What to do and How to do it

Getting started in web design

I'm assuming that, since you're online, you probably already know about chat programs like ICQ and you're already using email. As a Christian, you'll be treating people online the same way you'd treat people however you met them, sincerely and honestly, and with respect. You can share your life with them and try to persuade them of the truth of the gospel: that the Lord Jesus Christ died on their behalf to reconcile them to God. What I'll be explaining here in a very broad outline is something you may not know about: how to get a webpage together and put it online.

If you've read Weighing it Up you might have some idea of how you'd like to use a website evangelistically. This article is for those who need to know where to start. If you're already into webstuff then you can skip straight to the conclusion; this is the basics.

There's two things you'll need to know: how to make a page and where to put it.

Making a page

Webpages, for the most part, are created using a language called HTML (Hypertext Markup Language). It is very simple to learn (my programming friends refuse to call it programming), and even if you can afford software like Dreamweaver that writes the code for you, you still need to know it if you really want to control how your pages look. There are many sites that will teach you HTML, such as HTML Goodies and Web Monkey; there's probably better ones out there now but they are two that I've learnt from. Text-based HTML editors are quite useful—there are plenty of free ones available at Tucows—and they speed things up by inserting bits of code for you. I use one called 1st Page 2000.

But you don't even need a HTML editor. Once you know a little HTML you can open whatever text editor came with your computer (Windows users will have Notepad, Mac users usually have Simple Text) and start typing your HTML straight in there. All you need to do is save it as a .html file (eg. mypage.html) and you have a webpage that you can look at it in your browser.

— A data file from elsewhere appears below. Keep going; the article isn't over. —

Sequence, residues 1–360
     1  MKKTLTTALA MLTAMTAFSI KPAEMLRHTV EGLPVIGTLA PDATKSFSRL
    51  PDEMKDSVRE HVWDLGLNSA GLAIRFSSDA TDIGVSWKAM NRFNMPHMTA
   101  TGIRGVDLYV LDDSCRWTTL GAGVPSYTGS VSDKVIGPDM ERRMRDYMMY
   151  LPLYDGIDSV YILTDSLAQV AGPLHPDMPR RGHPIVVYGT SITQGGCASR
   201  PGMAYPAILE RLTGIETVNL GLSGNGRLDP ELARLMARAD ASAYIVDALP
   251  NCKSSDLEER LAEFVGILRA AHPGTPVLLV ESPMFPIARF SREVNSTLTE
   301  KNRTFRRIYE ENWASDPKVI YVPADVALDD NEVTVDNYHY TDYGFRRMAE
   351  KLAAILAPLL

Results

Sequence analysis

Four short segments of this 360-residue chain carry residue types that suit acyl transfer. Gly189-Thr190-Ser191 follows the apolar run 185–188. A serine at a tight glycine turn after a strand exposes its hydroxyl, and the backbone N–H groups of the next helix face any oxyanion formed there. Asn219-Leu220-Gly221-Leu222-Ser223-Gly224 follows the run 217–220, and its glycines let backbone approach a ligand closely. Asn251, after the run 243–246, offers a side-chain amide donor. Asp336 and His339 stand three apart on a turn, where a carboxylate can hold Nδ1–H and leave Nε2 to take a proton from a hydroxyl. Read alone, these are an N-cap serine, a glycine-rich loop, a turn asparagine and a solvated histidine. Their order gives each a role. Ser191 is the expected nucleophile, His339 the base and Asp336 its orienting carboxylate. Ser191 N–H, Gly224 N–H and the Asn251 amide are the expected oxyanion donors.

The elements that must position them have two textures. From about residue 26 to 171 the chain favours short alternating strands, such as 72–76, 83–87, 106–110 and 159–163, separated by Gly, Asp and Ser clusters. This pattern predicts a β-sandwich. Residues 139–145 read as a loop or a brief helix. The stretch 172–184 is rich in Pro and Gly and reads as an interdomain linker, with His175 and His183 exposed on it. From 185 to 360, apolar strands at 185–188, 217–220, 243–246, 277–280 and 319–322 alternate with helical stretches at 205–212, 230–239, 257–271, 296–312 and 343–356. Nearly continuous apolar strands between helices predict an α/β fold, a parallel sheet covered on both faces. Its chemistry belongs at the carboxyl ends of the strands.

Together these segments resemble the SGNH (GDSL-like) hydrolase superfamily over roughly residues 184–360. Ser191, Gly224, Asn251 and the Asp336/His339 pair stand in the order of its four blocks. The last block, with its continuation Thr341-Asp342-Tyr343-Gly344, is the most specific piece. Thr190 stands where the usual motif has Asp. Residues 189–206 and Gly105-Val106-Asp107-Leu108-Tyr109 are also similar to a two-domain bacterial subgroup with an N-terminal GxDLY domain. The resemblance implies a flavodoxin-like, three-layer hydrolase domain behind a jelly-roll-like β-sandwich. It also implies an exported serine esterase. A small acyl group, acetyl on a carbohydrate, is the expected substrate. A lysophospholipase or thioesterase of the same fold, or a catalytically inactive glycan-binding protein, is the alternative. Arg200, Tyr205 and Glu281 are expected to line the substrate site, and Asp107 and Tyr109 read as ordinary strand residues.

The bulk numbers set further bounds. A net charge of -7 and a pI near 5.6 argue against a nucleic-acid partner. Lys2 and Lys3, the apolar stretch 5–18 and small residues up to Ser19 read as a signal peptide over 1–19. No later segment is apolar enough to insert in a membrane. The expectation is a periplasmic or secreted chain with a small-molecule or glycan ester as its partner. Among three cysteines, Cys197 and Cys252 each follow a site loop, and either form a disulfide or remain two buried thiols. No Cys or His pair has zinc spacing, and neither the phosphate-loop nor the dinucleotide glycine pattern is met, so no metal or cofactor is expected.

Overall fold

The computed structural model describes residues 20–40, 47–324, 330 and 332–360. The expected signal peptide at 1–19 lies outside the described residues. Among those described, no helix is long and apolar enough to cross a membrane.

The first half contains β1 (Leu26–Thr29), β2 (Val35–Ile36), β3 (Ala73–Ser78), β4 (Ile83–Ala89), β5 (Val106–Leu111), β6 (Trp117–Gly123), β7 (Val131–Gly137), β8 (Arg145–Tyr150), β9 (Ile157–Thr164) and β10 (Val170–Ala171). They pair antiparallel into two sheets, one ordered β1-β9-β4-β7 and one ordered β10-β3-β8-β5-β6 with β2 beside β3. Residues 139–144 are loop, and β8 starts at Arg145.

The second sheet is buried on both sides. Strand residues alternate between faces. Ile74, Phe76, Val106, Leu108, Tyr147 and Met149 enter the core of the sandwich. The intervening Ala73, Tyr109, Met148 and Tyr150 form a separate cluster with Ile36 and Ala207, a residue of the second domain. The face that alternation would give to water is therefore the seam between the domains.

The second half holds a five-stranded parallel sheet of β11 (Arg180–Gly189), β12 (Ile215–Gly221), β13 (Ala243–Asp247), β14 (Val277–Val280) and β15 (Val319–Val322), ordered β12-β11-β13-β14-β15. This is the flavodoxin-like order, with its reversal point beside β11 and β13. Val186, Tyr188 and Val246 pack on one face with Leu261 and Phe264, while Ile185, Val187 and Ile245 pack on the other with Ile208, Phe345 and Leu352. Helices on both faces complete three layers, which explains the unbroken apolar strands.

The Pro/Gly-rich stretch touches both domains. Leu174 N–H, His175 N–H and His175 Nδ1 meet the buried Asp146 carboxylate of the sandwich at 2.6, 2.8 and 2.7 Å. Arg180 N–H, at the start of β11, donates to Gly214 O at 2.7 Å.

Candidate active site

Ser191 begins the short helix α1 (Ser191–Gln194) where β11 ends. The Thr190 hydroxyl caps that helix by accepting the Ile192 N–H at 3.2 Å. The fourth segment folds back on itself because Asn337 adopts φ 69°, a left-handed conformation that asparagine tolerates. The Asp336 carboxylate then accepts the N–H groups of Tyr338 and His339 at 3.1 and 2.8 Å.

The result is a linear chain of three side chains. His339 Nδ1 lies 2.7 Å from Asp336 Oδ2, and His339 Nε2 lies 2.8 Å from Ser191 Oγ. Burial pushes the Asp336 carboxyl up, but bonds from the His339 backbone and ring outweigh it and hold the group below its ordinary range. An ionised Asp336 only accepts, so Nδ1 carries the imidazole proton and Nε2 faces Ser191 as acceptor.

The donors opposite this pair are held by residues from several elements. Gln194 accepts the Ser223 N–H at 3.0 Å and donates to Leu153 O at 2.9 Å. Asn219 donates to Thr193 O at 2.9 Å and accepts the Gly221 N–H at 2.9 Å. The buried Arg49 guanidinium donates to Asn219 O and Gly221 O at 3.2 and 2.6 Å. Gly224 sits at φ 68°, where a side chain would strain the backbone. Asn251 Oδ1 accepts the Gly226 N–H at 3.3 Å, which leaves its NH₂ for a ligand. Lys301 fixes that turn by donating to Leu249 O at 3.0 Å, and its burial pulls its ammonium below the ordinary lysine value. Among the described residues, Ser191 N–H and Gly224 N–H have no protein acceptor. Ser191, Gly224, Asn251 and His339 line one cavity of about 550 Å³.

Another thing you'll probably want to use straight away are Cascading Style Sheets (CSS). Ideally, you are supposed to use HTML for structure (define headings, paragraphs etc.) and CSS for appearance (what font to use, background colours etc.). HTML Goodies has some introductory stuff on CSS but once you get into it, the best site I've found is the Westciv Style Master. Besides that, you'll appreciate The Master List with all the CSS properties in one big table with info on whether they work in each of the major browsers.

Putting it somewhere

This bit can be confusing at first but the basic idea is that you need to put your pages on a computer that is connected to the internet all the time (a server). A webhost is a company that lets you put your pages on their computer so that anyone on the internet can see them. Some webhosts will charge you money, some will let you do it for free. There are thousands of such hosts and if you want to start out with a free one you won't have any trouble finding one—just search for "free web hosting". You can then choose one that you like. The main criteria will be the amount of space you get and where the obligatory ads will go. Angelfire is one of the bigger ones—my first page was there.

There are two main ways to get your page online. Free sites like Angelfire often let you just type the code straight into to a form in their webpage. But the better way is to use FTP (File Transfer Protocol). (WS FTP is a free program that you can get from Tucows.) An FTP program simply allows you to transfer your files from your computer to the server computer. Once you've installed the program, you just need a few bits of information from the company that is giving you the web space (ftp address, username, password) and you can "connect" to their server and transfer your HTML files, images and any other files that your page needs.